Now drain the coolant from the system to avoid it going everywhere when you undo the coolant lines from the turbo. This is the next step, and involves the oil and coolant feeds and drains. The entire assembly should be free to be carefully lifted out of the engine bay.

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The Old Gasket

There are four nuts which either be 12mm or 13mm depending on whether your car has been fiddled with in the past. Mine had been and had a combination of sizes. One the nuts stripped the thread on the old stud too, luckily I had new ones for the new manifold. As can be seen my gasket was in a sorry state, it was in two pieces and missing about a quarter of it. No wonder I couldn’t reach full boost in any gear. Here you remove the old gasket and place on the new gasket, and do up the turbo to the manifold very tightly.


Comparing New to Old Manifolds

Seen below are comparisons between the factory cast manifold and the new aftermarket stainless steel and equal length runner manifold. The new manifold is much larger due to the twisting runners aiming to achieve equal length, but the flanges should be the in the same position.As can be seen on the picture above the exit path into the turbo appears quite restrictive, where as the new manifold has suberbly ground collectors for optimum gas flow.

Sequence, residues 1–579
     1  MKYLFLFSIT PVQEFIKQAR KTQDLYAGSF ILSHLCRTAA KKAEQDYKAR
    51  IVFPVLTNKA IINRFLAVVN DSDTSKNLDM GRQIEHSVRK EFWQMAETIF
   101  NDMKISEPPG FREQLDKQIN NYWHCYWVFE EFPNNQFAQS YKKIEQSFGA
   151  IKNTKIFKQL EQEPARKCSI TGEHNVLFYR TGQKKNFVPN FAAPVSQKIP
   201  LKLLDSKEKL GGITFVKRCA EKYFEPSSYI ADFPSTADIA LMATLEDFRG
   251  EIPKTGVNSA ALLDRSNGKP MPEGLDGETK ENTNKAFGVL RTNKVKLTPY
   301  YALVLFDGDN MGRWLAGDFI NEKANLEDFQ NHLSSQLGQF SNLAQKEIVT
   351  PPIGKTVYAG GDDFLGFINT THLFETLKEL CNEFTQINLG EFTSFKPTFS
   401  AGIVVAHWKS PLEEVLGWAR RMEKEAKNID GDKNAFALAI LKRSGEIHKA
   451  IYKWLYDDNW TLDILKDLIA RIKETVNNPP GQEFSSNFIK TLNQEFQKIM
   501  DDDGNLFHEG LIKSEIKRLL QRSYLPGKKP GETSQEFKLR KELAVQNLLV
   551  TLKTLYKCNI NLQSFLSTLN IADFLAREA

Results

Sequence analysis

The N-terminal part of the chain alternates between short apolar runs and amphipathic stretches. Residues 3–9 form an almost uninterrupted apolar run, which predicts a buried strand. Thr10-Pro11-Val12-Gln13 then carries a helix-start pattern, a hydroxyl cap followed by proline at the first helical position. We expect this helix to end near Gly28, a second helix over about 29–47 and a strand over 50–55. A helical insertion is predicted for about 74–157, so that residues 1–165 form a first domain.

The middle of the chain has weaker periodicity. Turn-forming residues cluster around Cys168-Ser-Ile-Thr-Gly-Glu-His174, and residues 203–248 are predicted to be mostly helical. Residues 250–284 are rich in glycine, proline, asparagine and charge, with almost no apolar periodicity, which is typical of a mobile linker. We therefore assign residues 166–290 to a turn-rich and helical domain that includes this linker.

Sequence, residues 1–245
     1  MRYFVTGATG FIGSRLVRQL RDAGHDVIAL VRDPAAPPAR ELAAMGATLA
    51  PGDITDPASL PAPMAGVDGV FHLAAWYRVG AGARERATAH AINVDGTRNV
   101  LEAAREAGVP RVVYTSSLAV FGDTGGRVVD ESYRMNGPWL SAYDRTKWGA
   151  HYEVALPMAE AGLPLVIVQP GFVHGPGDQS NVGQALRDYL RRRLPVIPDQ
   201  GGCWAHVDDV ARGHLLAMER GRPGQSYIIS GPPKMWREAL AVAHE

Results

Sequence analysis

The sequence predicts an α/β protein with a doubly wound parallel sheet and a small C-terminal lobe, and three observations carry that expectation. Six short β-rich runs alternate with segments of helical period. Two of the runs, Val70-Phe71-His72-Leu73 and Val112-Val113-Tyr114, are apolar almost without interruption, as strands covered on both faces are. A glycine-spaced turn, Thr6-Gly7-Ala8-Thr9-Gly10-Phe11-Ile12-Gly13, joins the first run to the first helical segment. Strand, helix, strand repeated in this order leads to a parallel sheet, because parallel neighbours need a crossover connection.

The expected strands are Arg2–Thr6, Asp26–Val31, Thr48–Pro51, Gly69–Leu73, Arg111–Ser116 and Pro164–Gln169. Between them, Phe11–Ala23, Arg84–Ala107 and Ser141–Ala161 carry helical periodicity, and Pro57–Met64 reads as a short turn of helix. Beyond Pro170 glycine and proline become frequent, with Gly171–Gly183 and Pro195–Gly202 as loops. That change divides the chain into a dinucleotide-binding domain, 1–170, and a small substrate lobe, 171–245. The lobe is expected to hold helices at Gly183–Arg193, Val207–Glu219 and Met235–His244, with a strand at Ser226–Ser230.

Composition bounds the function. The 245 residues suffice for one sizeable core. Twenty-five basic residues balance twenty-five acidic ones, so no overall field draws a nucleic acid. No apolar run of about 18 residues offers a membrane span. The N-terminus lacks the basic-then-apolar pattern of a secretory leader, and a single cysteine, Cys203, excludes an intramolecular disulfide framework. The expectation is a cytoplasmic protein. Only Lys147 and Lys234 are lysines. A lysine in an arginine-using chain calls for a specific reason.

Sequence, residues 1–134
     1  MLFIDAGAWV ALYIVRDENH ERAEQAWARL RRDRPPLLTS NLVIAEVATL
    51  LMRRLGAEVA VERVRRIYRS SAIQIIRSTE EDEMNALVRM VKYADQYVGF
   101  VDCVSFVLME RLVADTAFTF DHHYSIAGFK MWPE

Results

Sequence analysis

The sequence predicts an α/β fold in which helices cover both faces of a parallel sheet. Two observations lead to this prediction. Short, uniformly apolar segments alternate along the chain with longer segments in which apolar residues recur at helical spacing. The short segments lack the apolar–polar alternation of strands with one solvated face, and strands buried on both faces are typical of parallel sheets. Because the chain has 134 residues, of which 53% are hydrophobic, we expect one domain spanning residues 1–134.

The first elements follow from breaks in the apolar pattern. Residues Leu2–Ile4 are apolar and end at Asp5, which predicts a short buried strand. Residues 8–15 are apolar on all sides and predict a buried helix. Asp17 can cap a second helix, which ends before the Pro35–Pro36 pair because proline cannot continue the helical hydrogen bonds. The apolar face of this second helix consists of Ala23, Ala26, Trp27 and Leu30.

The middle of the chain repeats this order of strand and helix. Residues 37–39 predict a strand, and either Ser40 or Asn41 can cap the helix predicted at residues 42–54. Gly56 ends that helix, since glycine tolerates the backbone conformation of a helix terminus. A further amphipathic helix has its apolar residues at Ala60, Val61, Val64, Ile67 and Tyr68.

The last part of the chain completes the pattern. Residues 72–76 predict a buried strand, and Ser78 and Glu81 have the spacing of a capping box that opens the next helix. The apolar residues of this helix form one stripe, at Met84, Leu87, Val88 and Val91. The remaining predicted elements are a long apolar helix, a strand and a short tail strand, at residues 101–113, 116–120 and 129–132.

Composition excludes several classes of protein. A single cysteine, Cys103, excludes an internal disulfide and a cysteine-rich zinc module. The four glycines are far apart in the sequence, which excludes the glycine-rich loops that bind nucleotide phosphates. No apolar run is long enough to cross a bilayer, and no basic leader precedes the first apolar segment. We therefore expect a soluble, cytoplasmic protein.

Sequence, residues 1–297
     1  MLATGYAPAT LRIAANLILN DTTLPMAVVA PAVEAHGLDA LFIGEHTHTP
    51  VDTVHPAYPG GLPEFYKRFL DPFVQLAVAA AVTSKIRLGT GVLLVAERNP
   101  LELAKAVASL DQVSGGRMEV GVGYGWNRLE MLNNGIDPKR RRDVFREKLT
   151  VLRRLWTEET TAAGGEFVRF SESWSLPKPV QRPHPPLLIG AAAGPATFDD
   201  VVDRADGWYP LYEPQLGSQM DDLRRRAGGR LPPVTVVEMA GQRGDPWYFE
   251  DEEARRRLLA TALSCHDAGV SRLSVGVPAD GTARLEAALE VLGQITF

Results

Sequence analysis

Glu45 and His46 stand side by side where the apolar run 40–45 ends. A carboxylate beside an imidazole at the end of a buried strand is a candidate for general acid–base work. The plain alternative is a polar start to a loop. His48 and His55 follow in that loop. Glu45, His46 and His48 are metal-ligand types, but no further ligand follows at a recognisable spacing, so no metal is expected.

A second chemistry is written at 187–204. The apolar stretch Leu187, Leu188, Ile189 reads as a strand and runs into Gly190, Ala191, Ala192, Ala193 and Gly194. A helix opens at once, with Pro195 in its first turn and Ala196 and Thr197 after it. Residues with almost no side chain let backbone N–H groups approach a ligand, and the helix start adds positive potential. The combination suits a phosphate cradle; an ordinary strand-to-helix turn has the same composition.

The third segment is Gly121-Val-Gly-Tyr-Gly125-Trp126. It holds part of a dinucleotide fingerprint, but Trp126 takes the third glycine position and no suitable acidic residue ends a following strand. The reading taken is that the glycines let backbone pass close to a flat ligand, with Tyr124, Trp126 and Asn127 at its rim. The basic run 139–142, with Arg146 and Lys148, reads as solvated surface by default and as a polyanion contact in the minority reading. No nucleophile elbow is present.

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The Factory Turbo

Here is the factory Garret T25G in all its glory. The condition of mine appears very good with no oil leaks and very minimal shaft play. Got to be happy with that.

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This is by far the hardest part. In theory it should be quite straightforward, but certain parts are fiddly and can take a lot of time to achieve very little. First make sure you remove the old head to manifold gasket and put on the new one, which is very easy to forget. Now slide on the new assembly into place and tighten the manifold to head nuts a little. Next is the oil and water lines, which can be extremely difficult to get back on. Taking care to ensure the little copper washers are not lost, you must insert the banjo bolts into the head dead straight or the thread will not engage.